Virtual Reality Brings Wearable Taser Training to Phoenix PD

Virtual reality simulators will be another element that the police can use to exercise their muscle memory and put themselves in the shoes of suspects and victims.

PHOENIX — The Phoenix Police Department looks to new advancements from Axon, a Scottsdale-based company, to better prepare agents for the real-world circumstances that occur daily on the job.

RELATED: Phoenix Police First in Nation to Use Axon VR Training

Virtual reality simulators will be another item that police can use to not only exercise their muscle memory, but also to put themselves in the shoes of suspects and victims on the other end of emergency calls.

The hope is that the department will be able to better protect and serve the greater Phoenix community with 65 different kits, to defuse situations that arise in the future.

Axon has developed a creative way for police to play scenarios from all angles through virtual reality training.

Information provided by Axon representatives shows that the VR training platform is made up of three main components, including:

“Axon Academy hosts a library of additional e-learning content and training materials designed to reinforce skills learned in community engagement and simulator training scenarios. For trainers, after-action reports stored on Academy provide performance and progression metrics, insight into an officer’s commitment decisions, and new training and program development opportunities.

Community engagement training focuses on developing skills, empathy and communication to engage with individuals in scenarios involving mental health, trauma, peer intervention, etc. Through these experiences, trainees learn to understand officer and civilian perspectives and see how different modes of communication can lead to de-escalation, which can influence calls for service.

Firing Range – Basic: In this scenario, trainees learn the safe and effective deployment of weapons. Trainees learn to use TASER 7 energy weapons and replica training firearms in virtual reality in an indoor shooting environment, then practice their skills on stationary targets at varying ranges to improve accuracy, speed, tactical knowledge and critical thinking.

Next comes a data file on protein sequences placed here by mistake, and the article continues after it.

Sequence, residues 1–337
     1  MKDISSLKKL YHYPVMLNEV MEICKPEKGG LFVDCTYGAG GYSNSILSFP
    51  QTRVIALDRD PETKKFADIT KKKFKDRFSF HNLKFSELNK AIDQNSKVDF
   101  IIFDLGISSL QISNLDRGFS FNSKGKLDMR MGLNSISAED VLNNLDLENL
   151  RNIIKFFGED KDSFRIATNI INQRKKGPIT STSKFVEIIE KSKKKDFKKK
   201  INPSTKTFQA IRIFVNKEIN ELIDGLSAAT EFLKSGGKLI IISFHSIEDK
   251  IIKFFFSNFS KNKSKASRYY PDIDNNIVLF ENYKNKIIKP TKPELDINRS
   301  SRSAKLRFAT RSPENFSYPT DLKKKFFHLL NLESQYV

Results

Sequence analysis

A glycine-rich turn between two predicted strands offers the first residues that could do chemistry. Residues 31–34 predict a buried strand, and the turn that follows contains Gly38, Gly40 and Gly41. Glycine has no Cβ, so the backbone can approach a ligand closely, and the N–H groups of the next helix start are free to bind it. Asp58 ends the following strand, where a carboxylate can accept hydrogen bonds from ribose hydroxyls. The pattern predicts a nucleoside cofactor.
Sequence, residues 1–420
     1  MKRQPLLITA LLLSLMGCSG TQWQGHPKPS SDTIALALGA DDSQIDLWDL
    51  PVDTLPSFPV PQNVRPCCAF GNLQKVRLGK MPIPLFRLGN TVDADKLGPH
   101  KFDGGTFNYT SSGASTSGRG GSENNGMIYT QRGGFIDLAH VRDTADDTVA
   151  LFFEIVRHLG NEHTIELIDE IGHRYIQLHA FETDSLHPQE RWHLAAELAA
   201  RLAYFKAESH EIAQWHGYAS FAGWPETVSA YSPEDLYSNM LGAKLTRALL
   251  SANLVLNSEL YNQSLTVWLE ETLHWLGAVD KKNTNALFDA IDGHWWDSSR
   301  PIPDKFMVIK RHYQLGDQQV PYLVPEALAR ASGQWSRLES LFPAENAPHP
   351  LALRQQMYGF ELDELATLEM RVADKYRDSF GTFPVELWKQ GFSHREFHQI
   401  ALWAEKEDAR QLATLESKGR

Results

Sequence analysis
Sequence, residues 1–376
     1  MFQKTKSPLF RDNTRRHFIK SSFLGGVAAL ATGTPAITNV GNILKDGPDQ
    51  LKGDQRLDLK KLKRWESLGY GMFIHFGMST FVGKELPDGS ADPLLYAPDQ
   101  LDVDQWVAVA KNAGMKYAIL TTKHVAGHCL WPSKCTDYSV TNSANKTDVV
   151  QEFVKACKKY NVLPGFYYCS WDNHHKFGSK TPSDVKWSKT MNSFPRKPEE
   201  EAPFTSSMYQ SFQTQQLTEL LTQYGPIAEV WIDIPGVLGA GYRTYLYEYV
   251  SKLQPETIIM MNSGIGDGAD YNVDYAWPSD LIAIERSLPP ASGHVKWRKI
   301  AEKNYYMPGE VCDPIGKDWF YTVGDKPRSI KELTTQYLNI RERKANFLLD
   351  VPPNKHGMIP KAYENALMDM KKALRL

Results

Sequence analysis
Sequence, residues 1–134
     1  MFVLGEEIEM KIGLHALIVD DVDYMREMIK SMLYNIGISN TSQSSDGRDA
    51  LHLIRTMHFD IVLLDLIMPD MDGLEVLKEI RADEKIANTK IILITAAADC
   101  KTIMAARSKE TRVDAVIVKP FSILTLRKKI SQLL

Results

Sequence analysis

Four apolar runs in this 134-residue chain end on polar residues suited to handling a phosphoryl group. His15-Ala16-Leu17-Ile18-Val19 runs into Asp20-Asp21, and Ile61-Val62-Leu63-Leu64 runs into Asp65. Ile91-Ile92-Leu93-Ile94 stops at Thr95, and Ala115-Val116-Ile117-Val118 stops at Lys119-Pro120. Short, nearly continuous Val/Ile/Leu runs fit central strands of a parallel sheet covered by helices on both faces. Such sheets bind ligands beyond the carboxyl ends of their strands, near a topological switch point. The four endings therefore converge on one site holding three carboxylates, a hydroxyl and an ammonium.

Firing Range – Intermediate: In this scenario, trainees deploy the TASER 7 energy weapon at varying ranges at moving subjects in an outdoor nighttime environment. This quick exercise helps trainees use safety features, recognize proper probe spread and placement on moving subjects, manage clothing disconnects, and achieve greater efficiency when deploying TASER cartridges. »

Chief Jeri Williams said the technology will allow agents to adjust their reactions and responses to realistic calls.

“Everything from domestic violence to mental health to behavioral health and more, our officers receive world-class training,” she said.

Chris Chin with Axon added that 250 specialists helped organize the dynamic situations, where the trainees can simulate the officer, the suspect or the victim in any case.

“We’re trying to deliberately create representative scenarios so that agents can gain situational awareness, so they can understand how to communicate better, so they can make better decisions, and that’s really to help create a better outcome. for the community,” he explained.

Mayor Kate Gallego spoke about the effectiveness of virtual reality. Axon and said the 5-15 minute training can be learned and retained more easily than even the standard training.

“It’s a really powerful tool and we hope it gives our officers more confidence because they don’t know what’s going to happen when they knock on a door,” Mayor Gallego said.

Axon also provided specific details from a recent study:

“The National League of Cities examined a 90-day period in which more than 85 agents from the South Mountain Precinct of Phoenix PD completed nine of Axon’s community engagement modules in virtual reality. The study found that 81.4% of participants said that at least one of the VR training modules was effective in preparing them to adapt their approach to a call.”

Ultimately, according to city leaders, VR training is cost effective, fast and unlimited, allowing officers to constantly work on de-escalation skills.

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Richard V. Johnson